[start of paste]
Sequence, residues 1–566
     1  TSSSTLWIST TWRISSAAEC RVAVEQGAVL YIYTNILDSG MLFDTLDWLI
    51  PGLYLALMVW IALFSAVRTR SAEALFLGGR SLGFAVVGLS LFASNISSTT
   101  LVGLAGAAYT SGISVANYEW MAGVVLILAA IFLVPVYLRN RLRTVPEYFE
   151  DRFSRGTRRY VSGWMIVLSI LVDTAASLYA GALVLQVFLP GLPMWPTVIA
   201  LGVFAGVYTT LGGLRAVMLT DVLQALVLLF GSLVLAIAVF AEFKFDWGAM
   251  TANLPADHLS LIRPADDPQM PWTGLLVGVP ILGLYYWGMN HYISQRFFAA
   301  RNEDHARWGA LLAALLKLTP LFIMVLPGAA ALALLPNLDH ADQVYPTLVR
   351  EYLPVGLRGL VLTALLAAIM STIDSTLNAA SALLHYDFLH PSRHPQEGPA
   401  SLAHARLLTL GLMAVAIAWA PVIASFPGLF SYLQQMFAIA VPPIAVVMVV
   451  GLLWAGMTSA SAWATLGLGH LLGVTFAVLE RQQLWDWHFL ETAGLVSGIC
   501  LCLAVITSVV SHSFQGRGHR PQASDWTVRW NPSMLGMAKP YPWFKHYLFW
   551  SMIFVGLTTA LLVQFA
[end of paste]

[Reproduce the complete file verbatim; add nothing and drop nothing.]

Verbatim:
Sequence, residues 1–566
     1  TSSSTLWIST TWRISSAAEC RVAVEQGAVL YIYTNILDSG MLFDTLDWLI
    51  PGLYLALMVW IALFSAVRTR SAEALFLGGR SLGFAVVGLS LFASNISSTT
   101  LVGLAGAAYT SGISVANYEW MAGVVLILAA IFLVPVYLRN RLRTVPEYFE
   151  DRFSRGTRRY VSGWMIVLSI LVDTAASLYA GALVLQVFLP GLPMWPTVIA
   201  LGVFAGVYTT LGGLRAVMLT DVLQALVLLF GSLVLAIAVF AEFKFDWGAM
   251  TANLPADHLS LIRPADDPQM PWTGLLVGVP ILGLYYWGMN HYISQRFFAA
   301  RNEDHARWGA LLAALLKLTP LFIMVLPGAA ALALLPNLDH ADQVYPTLVR
   351  EYLPVGLRGL VLTALLAAIM STIDSTLNAA SALLHYDFLH PSRHPQEGPA
   401  SLAHARLLTL GLMAVAIAWA PVIASFPGLF SYLQQMFAIA VPPIAVVMVV
   451  GLLWAGMTSA SAWATLGLGH LLGVTFAVLE RQQLWDWHFL ETAGLVSGIC
   501  LCLAVITSVV SHSFQGRGHR PQASDWTVRW NPSMLGMAKP YPWFKHYLFW
   551  SMIFVGLTTA LLVQFA